At first I was scared. Of dengue, malaria, jaundice, leprosy, elephantiasis! You name it, I dreaded it. Then I had an intense night, the first one, of profound, heart-breaking nostalgia for the dramatic essence of the West, while listening to a Mozart requiem on my earphones. The morning after, my first in India, I instantly felt at home, here. Relaxed, at ease, happy. This feeling has never completely left me.

What does India lack for the traveller landing from the West and what does it offer you can’t get there?

I’m not sure what it lacks, aside from some order. Yet, so many things have changed from 2008 until today. India is so up to date with apps and internet sites to organise your travels. In some things, like digital payments, it is often more advanced than some Western countries. Of course the reliability is still not there. You may get to your hotel which you booked on line and find out your room was given away to someone who paid more! Then you have to learn how much to complain and in which way. So, yes, service is still lacking. But I think it’s a matter of very few years in learning the process. India has improved impressively since I first landed. And what it has to offer is a greater sense of harmony. Yes, of course, cloaked in caste conflict, religious tensions, social envy (on the rise), but, in general, there’s a feeling people are able to keep their anger in check a lot better than in the West. It is so refreshing to live in this society if you come from the litigious attitude of some Europeans in winter time!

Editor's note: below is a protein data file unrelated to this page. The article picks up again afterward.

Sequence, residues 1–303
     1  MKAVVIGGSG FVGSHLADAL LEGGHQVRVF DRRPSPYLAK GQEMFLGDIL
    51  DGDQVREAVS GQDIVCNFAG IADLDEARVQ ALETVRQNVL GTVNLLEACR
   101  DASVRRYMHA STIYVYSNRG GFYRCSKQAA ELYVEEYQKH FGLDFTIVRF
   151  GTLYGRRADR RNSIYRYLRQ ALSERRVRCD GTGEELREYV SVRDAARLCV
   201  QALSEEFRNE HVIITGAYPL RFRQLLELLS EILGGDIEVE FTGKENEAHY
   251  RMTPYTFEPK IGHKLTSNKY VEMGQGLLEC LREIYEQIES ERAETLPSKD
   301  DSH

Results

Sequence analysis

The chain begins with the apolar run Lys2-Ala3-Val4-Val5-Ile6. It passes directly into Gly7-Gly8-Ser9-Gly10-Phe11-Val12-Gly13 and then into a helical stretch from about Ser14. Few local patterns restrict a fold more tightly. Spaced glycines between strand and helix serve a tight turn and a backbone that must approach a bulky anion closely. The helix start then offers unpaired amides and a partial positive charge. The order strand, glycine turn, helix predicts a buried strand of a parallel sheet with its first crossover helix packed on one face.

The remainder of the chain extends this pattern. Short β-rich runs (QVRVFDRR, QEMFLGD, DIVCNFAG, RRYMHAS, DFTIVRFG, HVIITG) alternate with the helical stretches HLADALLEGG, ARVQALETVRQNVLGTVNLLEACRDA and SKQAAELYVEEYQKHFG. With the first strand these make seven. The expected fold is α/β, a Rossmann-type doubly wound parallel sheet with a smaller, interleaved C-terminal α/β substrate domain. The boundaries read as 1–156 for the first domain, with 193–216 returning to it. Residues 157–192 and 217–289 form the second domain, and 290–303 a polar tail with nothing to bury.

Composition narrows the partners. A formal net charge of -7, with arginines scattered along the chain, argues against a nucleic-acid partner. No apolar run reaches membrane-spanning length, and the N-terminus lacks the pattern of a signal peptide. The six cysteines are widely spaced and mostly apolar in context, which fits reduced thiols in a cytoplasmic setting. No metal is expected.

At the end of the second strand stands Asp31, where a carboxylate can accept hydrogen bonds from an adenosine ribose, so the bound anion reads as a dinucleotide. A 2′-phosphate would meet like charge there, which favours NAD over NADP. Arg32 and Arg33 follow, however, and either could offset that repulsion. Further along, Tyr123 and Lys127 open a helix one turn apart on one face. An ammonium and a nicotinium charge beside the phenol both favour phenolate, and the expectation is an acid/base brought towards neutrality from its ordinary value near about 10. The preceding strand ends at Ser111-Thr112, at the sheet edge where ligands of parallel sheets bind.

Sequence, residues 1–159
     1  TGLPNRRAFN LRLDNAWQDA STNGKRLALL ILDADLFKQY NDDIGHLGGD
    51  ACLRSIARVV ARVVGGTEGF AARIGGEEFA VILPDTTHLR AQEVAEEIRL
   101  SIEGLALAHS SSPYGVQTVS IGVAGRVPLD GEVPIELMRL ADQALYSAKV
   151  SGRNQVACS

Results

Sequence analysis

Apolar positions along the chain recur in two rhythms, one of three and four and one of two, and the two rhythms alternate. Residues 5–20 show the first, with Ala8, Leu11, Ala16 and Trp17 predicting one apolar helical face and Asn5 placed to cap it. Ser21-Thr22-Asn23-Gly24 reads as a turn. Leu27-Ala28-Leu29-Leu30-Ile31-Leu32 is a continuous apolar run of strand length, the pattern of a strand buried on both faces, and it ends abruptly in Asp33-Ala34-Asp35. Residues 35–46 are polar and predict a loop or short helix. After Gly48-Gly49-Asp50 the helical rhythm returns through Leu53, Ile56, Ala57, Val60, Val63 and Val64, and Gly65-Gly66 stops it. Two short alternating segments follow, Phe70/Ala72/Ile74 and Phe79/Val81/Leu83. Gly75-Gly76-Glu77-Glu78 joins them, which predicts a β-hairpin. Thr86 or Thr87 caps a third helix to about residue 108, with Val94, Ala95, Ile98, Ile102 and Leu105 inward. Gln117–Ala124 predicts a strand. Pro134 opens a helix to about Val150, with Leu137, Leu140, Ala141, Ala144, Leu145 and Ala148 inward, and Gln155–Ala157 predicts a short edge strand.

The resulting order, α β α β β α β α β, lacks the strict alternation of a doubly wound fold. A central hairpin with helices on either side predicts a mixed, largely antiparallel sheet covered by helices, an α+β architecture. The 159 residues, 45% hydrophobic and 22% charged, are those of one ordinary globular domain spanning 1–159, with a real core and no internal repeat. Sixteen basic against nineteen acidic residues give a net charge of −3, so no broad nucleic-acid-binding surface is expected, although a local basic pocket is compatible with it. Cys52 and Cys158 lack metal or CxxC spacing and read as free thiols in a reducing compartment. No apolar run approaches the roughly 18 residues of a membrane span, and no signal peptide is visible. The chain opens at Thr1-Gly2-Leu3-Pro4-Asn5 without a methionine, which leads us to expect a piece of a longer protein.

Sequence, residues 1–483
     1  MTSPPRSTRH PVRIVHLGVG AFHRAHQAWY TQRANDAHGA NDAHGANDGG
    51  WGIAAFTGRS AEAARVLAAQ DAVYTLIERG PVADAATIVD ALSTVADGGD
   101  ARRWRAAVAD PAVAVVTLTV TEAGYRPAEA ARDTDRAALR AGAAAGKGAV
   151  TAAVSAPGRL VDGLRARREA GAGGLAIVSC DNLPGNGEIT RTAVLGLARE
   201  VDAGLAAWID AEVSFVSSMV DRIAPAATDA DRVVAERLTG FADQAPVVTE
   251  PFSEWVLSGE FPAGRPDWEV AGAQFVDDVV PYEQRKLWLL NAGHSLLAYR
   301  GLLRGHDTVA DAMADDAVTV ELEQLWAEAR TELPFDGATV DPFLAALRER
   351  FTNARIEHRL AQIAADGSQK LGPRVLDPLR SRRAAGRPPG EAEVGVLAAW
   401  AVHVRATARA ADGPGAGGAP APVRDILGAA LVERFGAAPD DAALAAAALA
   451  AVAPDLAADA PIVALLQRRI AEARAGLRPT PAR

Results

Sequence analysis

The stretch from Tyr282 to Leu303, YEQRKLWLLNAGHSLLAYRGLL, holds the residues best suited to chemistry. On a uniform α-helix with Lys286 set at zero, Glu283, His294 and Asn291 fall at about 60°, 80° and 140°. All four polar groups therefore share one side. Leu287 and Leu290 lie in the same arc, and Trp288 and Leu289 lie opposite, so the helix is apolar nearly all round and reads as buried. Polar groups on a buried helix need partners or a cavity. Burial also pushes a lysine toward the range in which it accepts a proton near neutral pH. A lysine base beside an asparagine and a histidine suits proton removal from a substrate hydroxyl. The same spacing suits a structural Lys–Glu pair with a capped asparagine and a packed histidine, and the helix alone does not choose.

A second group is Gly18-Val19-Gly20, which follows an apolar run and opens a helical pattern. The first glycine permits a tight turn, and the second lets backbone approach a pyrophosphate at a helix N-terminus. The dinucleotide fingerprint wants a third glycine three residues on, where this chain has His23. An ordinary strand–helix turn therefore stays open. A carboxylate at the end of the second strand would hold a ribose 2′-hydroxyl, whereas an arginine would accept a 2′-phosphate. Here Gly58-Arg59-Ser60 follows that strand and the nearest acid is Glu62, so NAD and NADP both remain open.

What destinations across India would you recommend for a traveller from the West and why?

I’m partial to the South, because that’s where I live. I think seeing the Mylapore temple in Chennai at sunset can be memorable, along with the Mamallapuram Rathas. But then one should also venture to the Chidambaram temple of the invisible shivalingam, and Thanjavur, Tranquebar and that jewel known as the Gangaikonda Cholapuram temple. I know, hard to spell, harder even to pronounce. But completely worth it. And then, of course, Chettinad for its food, Victorian mansions and more. But Kerala, although already too exploited touristically, is still worth a visit. Kochi during the Biennale, Munnar and its tea plantations, the backwater cruises, a stint of panchakarma. I’d still go. Then I think an area completely worth the trouble is the North-East, from sailing the Brahmaputra, climbing up to Nagaland, to discovering Khasi traditions in Shillong and then venturing into the fascinating Sikkim and the well-known Darjeeling.

What should a travel kit contain before travelling to India?

I admit when I first came to India I brought with me a water sterilising pen… nothing more useless and ridiculous than that, of course. I think the concept of a travel kit before travelling to India is outmoded. You can buy most things when you get here. Maybe you have your favourite mosquito repellent flavour in your country. Okay, bring that one, if you really must. The advantage of arriving here and going shopping for clothes right away is also that you’ll look more like a local and stand out less. Indiana Jones and Crocodile Dundee are such a tired trope of an old generation. Dress normally, please.

All images have been provided by Carlo Pizzati.

AUTHOR'S BIO: Sudha is a senior commissioning editor with Lonely Planet India.